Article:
Case-control studies are useful when epidemiologists investigate an outbreak of a disease because the study design is powerful enough to identify the cause of the outbreak especially when the sample size is small. Attributable risks may also be calculated.
Case-control study designs are used to estimate the risk for a disease from a specific risk factor. The estimate is the odds ratio, which is a good estimate of the relative risk especially when the disease is rare.
While a case-control study design offers less support for a causation hypothesis than the longer and more expensive cohort design, it does provide stronger evidence than a cross-sectional study.
Case-control studies are useful when:
- Exposure data is difficult or expensive to obtain
- The disease is rare
- The disease has a long induction and latent period
- Little is known about the disease
- The underlying population is dynamic
Case-Control Study Design Section
The approach for a case-control study is straightforward. Case-control studies begin by enrolling persons based on their current disease status. Previous exposure status is subsequently determined for each case and control. However, because these studies collect data after the disease has already occurred, they are considered retrospective, which is a limitation.
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Why can't we determine the incidence rate from a case-control study?
A most critical and often controversial component of a case-control study is the selection of the controls. Controls must be comparable to cases in every way except that they do not have the disease. Preferably controls are drawn from the same population as the cases. Some studies, though, draw the controls from a different data source. For example, cases may be detected from a disease registry but the controls are selected randomly from another data source. Controls should be selected without regard to their exposure status (e.g., exposed/non-exposed), but may be sampled proportional to their time at risk (which is called density sampling).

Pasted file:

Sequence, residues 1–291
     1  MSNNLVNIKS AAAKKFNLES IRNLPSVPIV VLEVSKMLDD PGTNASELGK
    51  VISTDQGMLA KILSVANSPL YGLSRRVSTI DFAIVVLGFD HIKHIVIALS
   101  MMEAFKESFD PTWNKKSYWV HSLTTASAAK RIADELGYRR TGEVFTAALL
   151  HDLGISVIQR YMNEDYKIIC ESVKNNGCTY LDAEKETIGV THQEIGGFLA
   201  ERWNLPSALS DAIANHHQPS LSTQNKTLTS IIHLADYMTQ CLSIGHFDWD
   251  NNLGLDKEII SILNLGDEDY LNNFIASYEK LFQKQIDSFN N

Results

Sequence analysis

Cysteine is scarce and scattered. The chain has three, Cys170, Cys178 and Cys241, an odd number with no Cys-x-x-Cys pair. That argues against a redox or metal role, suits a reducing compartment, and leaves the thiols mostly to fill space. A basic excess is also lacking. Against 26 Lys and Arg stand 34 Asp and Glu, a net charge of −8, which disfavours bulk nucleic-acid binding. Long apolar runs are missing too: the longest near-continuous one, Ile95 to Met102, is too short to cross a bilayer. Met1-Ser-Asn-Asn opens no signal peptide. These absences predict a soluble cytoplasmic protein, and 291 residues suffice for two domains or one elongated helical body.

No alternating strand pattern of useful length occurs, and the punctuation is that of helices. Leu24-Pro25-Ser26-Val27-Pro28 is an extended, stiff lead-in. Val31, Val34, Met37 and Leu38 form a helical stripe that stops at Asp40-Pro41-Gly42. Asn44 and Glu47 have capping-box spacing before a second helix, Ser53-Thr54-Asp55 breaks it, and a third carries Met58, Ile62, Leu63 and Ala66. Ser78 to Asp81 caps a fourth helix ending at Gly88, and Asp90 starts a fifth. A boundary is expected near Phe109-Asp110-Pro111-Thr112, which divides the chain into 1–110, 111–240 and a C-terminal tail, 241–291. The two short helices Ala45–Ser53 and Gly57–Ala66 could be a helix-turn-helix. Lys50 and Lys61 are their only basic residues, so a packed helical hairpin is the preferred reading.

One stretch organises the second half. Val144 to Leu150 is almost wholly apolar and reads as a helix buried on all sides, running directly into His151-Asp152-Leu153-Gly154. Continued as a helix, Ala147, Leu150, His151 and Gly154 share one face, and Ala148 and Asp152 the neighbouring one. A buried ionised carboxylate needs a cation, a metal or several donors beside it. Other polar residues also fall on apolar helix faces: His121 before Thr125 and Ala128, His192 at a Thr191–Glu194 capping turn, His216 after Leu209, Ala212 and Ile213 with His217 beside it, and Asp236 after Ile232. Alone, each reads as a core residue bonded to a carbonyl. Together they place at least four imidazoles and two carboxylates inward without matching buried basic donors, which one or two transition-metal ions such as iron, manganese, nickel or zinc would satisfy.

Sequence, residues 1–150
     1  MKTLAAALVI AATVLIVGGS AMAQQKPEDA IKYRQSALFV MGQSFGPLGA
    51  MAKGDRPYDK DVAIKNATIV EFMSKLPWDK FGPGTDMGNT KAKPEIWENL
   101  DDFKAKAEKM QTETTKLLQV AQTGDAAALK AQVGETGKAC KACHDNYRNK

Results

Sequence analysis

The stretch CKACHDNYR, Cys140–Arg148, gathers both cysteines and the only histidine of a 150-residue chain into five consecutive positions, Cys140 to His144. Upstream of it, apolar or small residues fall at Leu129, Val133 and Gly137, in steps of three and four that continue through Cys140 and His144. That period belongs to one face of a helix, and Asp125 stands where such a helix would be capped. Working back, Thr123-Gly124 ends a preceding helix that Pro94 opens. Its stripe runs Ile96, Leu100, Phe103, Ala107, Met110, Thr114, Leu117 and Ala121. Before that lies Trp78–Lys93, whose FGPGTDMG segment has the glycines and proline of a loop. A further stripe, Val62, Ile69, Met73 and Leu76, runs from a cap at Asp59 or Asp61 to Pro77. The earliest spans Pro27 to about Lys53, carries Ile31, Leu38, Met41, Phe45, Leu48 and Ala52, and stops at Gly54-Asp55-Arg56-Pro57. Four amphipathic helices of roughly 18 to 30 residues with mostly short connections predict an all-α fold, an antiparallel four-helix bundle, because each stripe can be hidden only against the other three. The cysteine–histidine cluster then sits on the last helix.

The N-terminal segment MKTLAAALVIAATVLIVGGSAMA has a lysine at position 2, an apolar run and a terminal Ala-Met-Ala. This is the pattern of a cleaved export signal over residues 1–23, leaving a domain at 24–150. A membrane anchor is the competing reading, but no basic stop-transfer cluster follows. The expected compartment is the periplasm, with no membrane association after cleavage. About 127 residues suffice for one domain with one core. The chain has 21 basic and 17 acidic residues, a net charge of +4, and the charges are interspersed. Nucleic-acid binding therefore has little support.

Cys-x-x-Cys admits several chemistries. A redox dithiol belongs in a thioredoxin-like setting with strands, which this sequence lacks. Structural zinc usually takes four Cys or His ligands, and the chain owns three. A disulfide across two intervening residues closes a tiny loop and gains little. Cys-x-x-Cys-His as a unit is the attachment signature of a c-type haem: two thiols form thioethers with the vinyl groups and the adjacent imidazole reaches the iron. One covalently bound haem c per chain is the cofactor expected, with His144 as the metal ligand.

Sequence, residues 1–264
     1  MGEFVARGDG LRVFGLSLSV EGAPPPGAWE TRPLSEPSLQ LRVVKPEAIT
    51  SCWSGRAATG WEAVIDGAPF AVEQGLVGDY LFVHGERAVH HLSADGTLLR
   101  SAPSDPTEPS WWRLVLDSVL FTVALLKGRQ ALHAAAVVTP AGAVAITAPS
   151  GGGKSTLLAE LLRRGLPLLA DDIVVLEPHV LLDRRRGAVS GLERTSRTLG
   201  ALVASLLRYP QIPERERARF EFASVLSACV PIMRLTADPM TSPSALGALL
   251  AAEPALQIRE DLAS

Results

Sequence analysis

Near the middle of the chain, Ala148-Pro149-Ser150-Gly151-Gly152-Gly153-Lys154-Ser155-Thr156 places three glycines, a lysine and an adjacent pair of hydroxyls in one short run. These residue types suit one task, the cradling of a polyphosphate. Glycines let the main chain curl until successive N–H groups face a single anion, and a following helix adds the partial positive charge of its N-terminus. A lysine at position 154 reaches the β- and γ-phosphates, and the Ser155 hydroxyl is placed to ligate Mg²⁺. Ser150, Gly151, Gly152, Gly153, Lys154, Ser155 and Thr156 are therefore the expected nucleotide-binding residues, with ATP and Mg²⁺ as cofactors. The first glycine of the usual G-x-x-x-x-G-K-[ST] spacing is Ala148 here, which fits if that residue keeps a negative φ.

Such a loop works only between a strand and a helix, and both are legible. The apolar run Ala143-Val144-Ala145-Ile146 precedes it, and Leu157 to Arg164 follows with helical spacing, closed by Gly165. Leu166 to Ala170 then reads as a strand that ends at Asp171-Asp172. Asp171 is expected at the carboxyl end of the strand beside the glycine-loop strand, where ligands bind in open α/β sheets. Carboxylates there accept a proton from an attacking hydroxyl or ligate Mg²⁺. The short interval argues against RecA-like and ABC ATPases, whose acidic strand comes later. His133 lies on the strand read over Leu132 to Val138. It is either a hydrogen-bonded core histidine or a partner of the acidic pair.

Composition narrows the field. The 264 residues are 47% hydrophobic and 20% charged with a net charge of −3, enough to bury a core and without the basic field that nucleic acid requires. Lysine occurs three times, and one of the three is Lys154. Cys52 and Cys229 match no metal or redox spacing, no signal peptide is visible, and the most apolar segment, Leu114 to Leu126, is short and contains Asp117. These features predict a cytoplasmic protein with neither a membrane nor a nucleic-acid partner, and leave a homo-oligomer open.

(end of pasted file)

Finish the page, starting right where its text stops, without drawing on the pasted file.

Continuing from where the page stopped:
There are two basic types of case-control studies, distinguished by the method used to select controls.
- Non-matched case-control study: The first is a non-matched case-control study in which we enroll controls without regard to the number, or characteristics of the cases. In this study design, the number of controls does not necessarily equal the number of cases.
- Matched case-control study: In a matched study, we enroll controls based on some characteristic(s) of the case. For example, we might match the sex of the control to the sex of the case. The idea in matching is to match upon a potential confounding variable in order to remove the confounding effect. (We will look at how matching occurs in the example below.)
There are two basic types of matched designs:
- one-to-n matching (i.e., one case to one control, or one case to a specific number of controls) and
- frequency-matching, where matching is based upon the distributions of the characteristics among the cases. For example, 40% of the cases are females so we choose the controls such that 40% of the controls are females.
Case-Crossover Study Design Section
This design is useful when the risk factor/exposure is transient. For example, cell phone use or sleep disturbances are transitory occurrences. Each case serves as its own control, i.e the study is self-matched. For each person, there is a 'case window', the period of time during which the person was a case, and a 'control window', a period of time associated with not being a case. Risk exposure during the case window is compared to risk exposure during the control window.
Advantages of Case-crossover
- Efficient – self-matching
- Efficient – select only cases